debateAmerica’s apocalyptic nightmare may be over, at least for now. Exhibit 1 is Donald Trump, who was not generally perceived as the winner of his second debate with Hillary Clinton.

His performance was classic Trump, full of dark visions of illegal aliens streaming across the border, terrorists embedded with Syrian refugees, lawless inner cities, ISIS, Russia, Iran and China looming, while America had become weak, its nukes tired and exhausted. Yet this time he didn’t get the same frenzied response. The reason may be a change in the national mood, and ironically, we may have Donald Trump to thank.

When Trump descended from an escalator in his namesake tower in June 2015 to announce he was going to make America great again by building a wall to keep out murderers and rapists sent from Mexico, he was speaking to a receptive audience. Nearly 70 percent of Americans were telling pollsters they thought the country was headed in the wrong direction. People were frustrated with their jobs and insurance premiums. Cops were killing unarmed blacks, who were rioting in the streets. ISIS-inspired lone wolves seemed to be everywhere. The Middle East was screwed, Congress was gridlocked and the president was a feckless, Islamic Kenyan.

Trump did not create those feelings of fear, anger, hate, sexism, racism, xenophobia and scapegoating. They are always simmering below the surface. But he did bring them to a boil, as many a demagogue has done from time immemorial. His acceptance speech at the Republican National Convention was perhaps the apogee of his dystopian imaginings, which were also a large part of his stump speech — a constant drumbeat of death and destruction, weakness, bad deals and bad judgements. He also kept the sap rising by flouting political correctness and feuding with characters great and small, from Sen. John McCain to Miss Universe, Mexicans, Muslims and his own party. Not to mention crooked, lying Hillary.

Then something happened. The turning point may have been the notorious pussy tape a couple days before the second debate, which sparked one last orgasm of outrage, except this time the anger was coming from across the political spectrum. During the subsequent town hall, Trump pivoted from whatever question he was asked to repeat chunks of his bloodcurdling stump speech, a strategy that was simple and elegant and required zero prep. Yet as much as the prophet of doom huffed and puffed, sniffed and sniped, shamed and stalked — he even raised the specter of illicit sex — nothing seemed to work.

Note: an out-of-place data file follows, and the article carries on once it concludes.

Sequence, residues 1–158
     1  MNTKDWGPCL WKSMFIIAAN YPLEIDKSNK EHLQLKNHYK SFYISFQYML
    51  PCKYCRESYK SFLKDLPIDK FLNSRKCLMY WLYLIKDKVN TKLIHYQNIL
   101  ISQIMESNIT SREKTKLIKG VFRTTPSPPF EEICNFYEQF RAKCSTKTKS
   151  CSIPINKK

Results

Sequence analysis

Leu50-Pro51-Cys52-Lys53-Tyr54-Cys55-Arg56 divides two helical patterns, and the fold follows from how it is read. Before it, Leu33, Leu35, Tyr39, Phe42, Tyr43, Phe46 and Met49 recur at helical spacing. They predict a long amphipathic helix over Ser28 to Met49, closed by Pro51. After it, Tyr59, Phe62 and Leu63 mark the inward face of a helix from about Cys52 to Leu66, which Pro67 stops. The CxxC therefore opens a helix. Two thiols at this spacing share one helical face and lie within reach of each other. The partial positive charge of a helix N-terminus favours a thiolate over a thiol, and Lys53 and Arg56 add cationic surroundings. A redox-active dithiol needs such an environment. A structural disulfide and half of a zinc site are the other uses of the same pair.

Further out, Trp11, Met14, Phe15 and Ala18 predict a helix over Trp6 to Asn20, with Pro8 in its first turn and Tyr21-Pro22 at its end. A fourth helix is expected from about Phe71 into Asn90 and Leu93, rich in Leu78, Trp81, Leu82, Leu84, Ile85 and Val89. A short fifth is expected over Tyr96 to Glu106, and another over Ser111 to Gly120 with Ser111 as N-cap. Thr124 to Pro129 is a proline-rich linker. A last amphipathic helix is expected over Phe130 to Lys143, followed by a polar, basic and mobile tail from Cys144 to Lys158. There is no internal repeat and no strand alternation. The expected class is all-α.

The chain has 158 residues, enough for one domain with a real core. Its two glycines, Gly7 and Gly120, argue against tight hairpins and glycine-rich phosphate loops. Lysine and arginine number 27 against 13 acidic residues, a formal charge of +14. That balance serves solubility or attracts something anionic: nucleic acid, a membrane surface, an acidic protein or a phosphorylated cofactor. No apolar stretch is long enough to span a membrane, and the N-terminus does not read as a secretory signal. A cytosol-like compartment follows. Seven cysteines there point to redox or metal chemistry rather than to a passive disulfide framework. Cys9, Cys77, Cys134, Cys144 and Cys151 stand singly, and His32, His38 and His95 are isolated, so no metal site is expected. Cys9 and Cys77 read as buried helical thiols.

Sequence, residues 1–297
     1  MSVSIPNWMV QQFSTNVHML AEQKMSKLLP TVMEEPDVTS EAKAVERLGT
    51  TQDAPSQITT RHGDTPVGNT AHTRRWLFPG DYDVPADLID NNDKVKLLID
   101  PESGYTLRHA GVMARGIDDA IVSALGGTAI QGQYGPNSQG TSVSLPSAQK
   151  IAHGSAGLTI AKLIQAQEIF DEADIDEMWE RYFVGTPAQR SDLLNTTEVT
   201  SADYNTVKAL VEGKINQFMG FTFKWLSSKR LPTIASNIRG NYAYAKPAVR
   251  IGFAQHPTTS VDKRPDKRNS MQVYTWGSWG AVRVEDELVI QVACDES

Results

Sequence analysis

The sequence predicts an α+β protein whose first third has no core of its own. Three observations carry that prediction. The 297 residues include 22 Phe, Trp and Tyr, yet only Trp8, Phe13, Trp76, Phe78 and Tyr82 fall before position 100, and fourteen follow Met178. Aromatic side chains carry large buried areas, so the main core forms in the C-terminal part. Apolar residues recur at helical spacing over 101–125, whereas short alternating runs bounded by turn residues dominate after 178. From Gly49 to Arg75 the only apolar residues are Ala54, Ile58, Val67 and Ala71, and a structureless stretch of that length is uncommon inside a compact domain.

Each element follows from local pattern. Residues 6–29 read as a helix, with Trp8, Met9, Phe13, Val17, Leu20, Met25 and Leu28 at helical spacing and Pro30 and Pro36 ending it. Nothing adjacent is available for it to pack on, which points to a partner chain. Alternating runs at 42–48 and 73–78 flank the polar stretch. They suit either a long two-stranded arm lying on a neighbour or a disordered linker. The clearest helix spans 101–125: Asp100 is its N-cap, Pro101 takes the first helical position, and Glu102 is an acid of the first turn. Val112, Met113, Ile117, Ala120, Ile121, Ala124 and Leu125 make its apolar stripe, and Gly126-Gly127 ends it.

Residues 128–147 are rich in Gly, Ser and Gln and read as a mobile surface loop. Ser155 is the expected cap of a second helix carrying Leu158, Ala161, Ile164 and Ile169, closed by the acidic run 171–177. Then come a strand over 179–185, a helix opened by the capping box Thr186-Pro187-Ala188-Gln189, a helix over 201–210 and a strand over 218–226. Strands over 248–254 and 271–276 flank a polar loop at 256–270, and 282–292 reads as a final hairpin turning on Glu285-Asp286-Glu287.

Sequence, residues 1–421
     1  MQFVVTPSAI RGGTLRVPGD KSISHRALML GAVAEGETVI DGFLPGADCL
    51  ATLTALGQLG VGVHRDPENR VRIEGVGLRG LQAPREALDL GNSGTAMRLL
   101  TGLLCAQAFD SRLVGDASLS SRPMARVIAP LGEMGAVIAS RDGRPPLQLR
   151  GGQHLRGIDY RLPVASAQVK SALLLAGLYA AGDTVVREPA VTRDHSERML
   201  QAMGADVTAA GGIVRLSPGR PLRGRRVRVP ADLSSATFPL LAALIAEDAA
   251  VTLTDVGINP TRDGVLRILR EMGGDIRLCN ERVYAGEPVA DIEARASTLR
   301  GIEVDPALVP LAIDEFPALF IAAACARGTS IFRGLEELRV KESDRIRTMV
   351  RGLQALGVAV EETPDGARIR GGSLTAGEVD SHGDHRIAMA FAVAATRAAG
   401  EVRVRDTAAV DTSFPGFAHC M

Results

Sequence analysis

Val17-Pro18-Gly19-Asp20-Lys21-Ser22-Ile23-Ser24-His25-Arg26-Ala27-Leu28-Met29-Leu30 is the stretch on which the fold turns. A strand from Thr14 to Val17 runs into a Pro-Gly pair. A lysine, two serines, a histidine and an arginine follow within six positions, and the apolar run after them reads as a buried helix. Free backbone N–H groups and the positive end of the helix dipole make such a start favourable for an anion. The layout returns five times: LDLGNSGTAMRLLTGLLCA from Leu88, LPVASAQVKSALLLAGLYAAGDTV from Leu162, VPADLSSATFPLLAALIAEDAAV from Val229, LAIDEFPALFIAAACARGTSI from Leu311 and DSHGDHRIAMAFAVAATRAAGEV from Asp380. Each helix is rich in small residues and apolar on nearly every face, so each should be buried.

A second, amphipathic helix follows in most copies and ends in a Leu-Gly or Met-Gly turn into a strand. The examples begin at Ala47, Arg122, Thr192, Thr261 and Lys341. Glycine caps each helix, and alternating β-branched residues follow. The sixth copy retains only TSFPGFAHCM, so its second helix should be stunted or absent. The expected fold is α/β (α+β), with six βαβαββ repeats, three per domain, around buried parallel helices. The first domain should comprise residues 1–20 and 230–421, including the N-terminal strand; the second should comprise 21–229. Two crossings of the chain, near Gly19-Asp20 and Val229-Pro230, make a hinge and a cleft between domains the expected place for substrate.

Why? Trump hadn’t changed, but maybe many of us had. He was like a violent video game that America had been playing for so long that we became desensitized to his end-of-days shtick. There’s only so many times he could cry wolf and people would believe him, and only so long that Americans could remain furious before the fever broke and sanity returned. Things aren’t perfect, but they’re not THAT bad, and believe it or not, neither is Hillary Clinton.

Of course, the calming of America does not extend to bigots, xenophobes and other irredeemable deplorables who were outraged long before Trump came along, and always will be. And it would take just one terrorist attack or October surprise to shock the rest of us back into a state of national hysteria. But if we can maintain our composure for just a few more weeks, we may not just defeat but repudiate the false messiah that is, or was, Donald Trump. So thank you Mr. Trump for scaring the bejesus out of us, and giving us a chance at redemption.

Praying for Hillary


If you believe in the healing power of prayer, you may also believe that negative thoughts can make a person sick. Even if you don’t believe in prayer, you might believe in the power of positive thinking, and that decades of being harassed, vilified and investigated could take a physical as well as emotional toll on a person.

You can see where this is going. Democratic presidential hopeful Hillary Clinton, 68, has been diagnosed with pneumonia and apparently fainted at a 15th anniversary 9/11 observance in New York City, causing her to take a few days off the campaign trail. Her age, “stamina” and the pace of the race all may have contributed to her illness. As might the constant drumbeat of hate directed at Clinton by legions of “deplorables” and other Hillary detractors.

The mainstream media have used Hillary’s illness to turn conspiracy theories about her overall health into a “real” campaign issue. Clinton made matters worse when she called Donald Trump’s racist, sexist, xenophobic and Islamophobic supporters a “basket of deplorables.”

While Trump fans have gleefully embraced the “deplorable” moniker, and his campaign events continue to look like Nuremberg rallies, many of Hillary’s so-called supporters have been holding their noses and talking about the lesser of evils. In politics, that’s what’s known as an enthusiasm gap. In real life, it means a lot fewer people are wishing Hillary well than are wishing her dead.